November 17, 2011

Revolution in the Air?

I've been a lefty all my life; I believe in democracy and the social safety net. "Do unto others as you would have them do unto you" is how I live. But I don't really understand how the Occupy movement works.

We should increase the tax on the rich and put a cap on how much a CEO can pull in. Multinational corporations shouldn't be allowed to form and focus should be placed back on small businesses. Banking practices should be changed.

It seems to me that the Occupy movement should be focused on changing systems of taxation and banking regulations. But how can you shift the power away from the 1% without making changes at Federal level? On their own the banks and the bosses aren't going to say, 'Hey you're right, here's half a billion." There is no Bastille to storm.

I'm glad Occupy is out there making us aware of the inequalities. Undoubtedly Occupy has raised the awareness of those in the House of Commons too. The "underrepresented who represent the 99%" should get out and vote and be represented. Vote in Members of Parliament, or vote in representatives on all levels, who get bills passed to change banking regulations and taxation. Bills passed to forgive the debts of 3rd world countries.

Write a treatise. Get the NDP to present it in Parliament. Get the New Democrats to put forth a bill with your concerns. Again and again and again. Capitalism won't dissolve but it's worth a try. When the next election comes around, it'll be an issue, a plank in someone's platform. In Canada we live in a democracy but less than 60% of the eligible population bother to vote. Unfortunately voter apathy has left us with a majority Conservative government for at least 4 more years.

 It seems the Occupy movement is turning into an "us versus them" movement of the marginalized or under-employed who seem more pissed at the cops right now than the banks. I have to say that the Occupy website says more about who they are than what they want. There is "music in the cafes and night and revolution in the air" it just seems to be better focused.


Giulia said...

Yes, but this is how large movements begin. At least it's not like the Tea Party in the States...that was begun by right-wing corporate dudes. This will meander about but I think it's been worth it just to get people talking. I've been driven mad for 30 years that Americans weren't marching in the streets over economic issues...we'll see how it goes. I've been watching it from the beginning (via Twitter) & it's been very interesting. The mainstream media, of which I was a part & know well, has been particularly obnoxious about it & has not reported it well - at all. I'm very disappointed that they are missing a big story.

It's not up to Occupiers to give solutions to problems. It's up to legislators to craft policy to solve those problems. Those are a few thoughts. Major computer problems...xoxo

Alistair said...

I'm much like you in my views. If we don't look after others how can we expect anyone to care about us if the time comes that's needed. The gap between have and have not is unecessarly wide {widening}. Society as a whole is poorer because of such inequality.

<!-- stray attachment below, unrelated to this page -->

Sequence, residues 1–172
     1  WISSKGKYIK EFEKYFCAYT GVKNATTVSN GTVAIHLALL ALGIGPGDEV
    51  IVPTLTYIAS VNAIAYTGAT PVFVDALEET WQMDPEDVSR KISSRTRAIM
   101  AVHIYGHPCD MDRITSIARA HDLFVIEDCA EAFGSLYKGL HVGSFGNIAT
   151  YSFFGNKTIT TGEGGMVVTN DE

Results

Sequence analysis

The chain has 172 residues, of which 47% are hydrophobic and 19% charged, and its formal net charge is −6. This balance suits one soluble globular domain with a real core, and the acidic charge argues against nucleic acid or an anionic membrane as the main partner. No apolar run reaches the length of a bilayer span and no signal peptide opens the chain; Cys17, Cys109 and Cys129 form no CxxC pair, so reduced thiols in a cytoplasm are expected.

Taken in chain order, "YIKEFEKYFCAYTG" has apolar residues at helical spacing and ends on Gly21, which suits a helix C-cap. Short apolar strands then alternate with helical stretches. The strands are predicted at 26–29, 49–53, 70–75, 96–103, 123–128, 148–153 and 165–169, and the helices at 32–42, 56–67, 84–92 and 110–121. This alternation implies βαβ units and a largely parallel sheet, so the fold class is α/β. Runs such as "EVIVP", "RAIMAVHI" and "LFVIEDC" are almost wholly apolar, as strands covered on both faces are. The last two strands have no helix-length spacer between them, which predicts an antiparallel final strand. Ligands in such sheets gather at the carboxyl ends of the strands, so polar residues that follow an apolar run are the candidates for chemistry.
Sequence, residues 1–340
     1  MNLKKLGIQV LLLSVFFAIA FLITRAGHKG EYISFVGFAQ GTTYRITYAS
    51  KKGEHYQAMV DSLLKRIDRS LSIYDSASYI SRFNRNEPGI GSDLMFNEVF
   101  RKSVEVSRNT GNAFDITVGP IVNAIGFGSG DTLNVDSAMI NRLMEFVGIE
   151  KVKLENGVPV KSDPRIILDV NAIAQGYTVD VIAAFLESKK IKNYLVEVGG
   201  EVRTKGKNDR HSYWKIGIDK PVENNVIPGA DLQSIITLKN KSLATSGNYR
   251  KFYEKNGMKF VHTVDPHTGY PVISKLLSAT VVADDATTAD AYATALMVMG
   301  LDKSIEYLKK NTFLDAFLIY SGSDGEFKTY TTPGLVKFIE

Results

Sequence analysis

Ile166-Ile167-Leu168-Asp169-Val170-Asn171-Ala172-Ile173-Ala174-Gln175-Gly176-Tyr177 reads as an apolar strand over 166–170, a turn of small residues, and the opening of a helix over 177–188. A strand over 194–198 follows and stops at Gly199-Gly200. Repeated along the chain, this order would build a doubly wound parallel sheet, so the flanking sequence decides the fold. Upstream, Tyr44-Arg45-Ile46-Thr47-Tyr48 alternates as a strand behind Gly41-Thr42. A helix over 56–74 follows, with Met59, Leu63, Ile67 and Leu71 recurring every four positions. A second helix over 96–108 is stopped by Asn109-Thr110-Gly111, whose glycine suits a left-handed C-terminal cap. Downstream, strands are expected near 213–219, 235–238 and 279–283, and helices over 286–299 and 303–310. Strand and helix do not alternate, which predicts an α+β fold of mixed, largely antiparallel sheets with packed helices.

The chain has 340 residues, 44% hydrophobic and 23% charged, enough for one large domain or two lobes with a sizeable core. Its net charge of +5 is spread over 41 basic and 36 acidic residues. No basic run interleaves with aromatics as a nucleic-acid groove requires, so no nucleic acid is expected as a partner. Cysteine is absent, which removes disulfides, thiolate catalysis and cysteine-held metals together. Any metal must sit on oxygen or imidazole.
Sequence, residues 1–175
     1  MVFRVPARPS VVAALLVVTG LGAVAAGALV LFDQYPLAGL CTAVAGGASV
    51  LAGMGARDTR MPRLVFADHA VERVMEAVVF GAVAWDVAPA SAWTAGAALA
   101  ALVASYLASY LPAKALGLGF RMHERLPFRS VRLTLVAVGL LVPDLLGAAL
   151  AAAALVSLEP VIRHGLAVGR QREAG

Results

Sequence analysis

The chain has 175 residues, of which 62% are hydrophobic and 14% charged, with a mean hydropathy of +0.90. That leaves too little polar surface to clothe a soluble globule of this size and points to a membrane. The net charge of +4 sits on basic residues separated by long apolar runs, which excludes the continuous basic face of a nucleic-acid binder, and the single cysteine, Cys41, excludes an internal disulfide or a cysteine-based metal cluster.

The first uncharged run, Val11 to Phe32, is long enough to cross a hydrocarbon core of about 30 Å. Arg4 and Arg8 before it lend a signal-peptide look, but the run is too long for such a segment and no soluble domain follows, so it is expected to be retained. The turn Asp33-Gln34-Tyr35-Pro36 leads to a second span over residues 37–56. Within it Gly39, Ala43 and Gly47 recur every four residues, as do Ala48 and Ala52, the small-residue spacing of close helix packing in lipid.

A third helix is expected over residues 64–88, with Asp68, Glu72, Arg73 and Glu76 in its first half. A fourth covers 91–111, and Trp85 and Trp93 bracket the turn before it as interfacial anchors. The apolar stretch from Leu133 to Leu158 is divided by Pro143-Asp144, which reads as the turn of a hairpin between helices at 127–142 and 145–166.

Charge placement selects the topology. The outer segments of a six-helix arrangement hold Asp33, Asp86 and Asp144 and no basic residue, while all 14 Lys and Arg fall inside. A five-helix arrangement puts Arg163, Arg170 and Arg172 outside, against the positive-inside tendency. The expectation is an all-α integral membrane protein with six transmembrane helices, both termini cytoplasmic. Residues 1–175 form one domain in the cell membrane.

Democracy and personal responsibility is the key. Voter apathy is a huge threat as was shown last year when a fundamentalist Moslem group came within a hairsbreadth of taking control of one of the London local councils where voter turnout was most disenfranchised. They avowed to make changes to education and housing bylaws to reflect Moslem views and create an enclave of Moslem believers by fostering an atmosphere of fear of outsiders and a belief that Moslems are actively legislated against in England. Once this had been achieved it would have become increasingly radicalised in its attitudes.

Those who pose the biggest threat to our freedoms are those who would use those very freedoms to promote an agenda where those priciples would be removed. While I agree the occupy movement doesn't seem very focused I think it is concerning and illuminating that the establishment is taking similar steps at the same time to remove the right to protest where these groups have congregated.

What point protest when moved to convenient locations where their 'voice' can be completely marginalised.

Jenny Woolf said...

I fear that Occupy is a bit of a rent-a-crowd situation, which is a shame becuase I think we could use some serious opposition to capitalism and our present economic model.

Von said...

Isn't it enough to direct attention towards things that are not right, towards greed and inequity? Why is it that when a group of people stand up to be counted others start talking about rent-a-crowd and much bigger goals? What did you do today to oppose capitalism and your present economic model?

The Clever Pup said...

Stand up to be counted but tell us what it is you want and how you want it.

Kate Hanley said...

Great post. I agree that Occupy needs to move forward and hopefully it will. Have you heard about the Cocktail Party? A new group has formed in the south to return dignity to politics. I'm looking forward to hearing more about it, as long as people stick to one cocktail!

Giulia said...

Again, Hazel, the movement has published quite clear statements. This is a media meme, the "no one knows what they want."

There are statements published by the Washington Post, WSJ, etc. I'm having major computer problems or I'd send you links. They are all over Twitter. You don't have to be a member of Twitter to do a search.

And to the person who says rent-a-crowd...wth? No, not at all.

Nancy said...

I've been watching the Occupy Movement here and I feel like more and more people are starting to realise they have some say. I can't go stand in front of our city hall because of health but I can and will start handing out voter registration cards on campus(I have a class) and just making them available anywhere I can. I can speak up.